- BACKGROUND OF THE INVENTION
The present invention relates to the control of internal combustion engines. More specifically, the present invention relates to a method and apparatus to control a variable displacement internal combustion engine.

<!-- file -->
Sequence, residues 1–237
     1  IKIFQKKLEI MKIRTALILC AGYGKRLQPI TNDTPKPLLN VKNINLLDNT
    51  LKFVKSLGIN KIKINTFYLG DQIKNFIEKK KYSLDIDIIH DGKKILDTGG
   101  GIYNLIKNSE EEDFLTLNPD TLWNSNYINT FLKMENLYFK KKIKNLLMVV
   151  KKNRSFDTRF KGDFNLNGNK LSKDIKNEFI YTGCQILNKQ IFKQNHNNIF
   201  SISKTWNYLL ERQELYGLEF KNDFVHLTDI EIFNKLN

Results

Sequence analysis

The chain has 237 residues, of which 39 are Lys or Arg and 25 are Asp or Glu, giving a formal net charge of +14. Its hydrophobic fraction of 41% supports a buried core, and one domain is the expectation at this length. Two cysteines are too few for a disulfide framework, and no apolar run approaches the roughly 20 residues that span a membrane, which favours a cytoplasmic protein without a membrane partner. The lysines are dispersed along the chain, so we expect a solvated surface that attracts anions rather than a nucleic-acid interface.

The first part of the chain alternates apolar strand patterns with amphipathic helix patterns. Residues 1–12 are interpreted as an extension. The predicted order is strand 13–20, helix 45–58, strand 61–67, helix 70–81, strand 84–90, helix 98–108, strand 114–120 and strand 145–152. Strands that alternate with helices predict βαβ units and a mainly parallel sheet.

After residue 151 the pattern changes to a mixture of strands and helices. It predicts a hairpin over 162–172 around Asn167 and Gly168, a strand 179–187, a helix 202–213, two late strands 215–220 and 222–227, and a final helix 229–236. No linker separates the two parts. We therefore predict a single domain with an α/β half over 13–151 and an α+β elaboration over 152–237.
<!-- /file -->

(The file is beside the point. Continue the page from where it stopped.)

Present regulatory conditions in the automotive market have led to an increasing demand to improve fuel economy and reduce emissions in present vehicles. These regulatory conditions must be balanced with the demands of a consumer for high performance and quick response for a vehicle. Variable displacement internal combustion engines (ICEs) provide for improved fuel economy, as compared to fixed displacement ICEs, and torque on demand by operating on the principal of cylinder deactivation. During operating conditions that require high output torque, every cylinder of a variable displacement ICE is supplied with fuel and air to provide torque for the ICE. During operating conditions at low speed, low load, and/or other inefficient conditions for a fully-displaced ICE, cylinders may be deactivated to improve fuel economy for the variable displacement ICE and vehicle. For example, in the operation of a vehicle equipped with an eight cylinder variable displacement ICE, fuel economy will be improved if the ICE is operated with only four cylinders during low torque operating conditions by reducing throttling losses. Throttling losses, also known as pumping losses, are the extra work that an ICE must perform to pump air from the relatively low pressure of an intake manifold, across a throttle body or plate, through the ICE and out to the atmosphere. The cylinders that are deactivated will not allow air flow through their intake and exhaust valves, reducing pumping losses by forcing the ICE to operate at a higher intake manifold pressure. Since the deactivated cylinders do not allow air to flow, additional losses are avoided by operating the deactivated cylinders as “air springs” due to the compression and decompression of the air in each deactivated cylinder.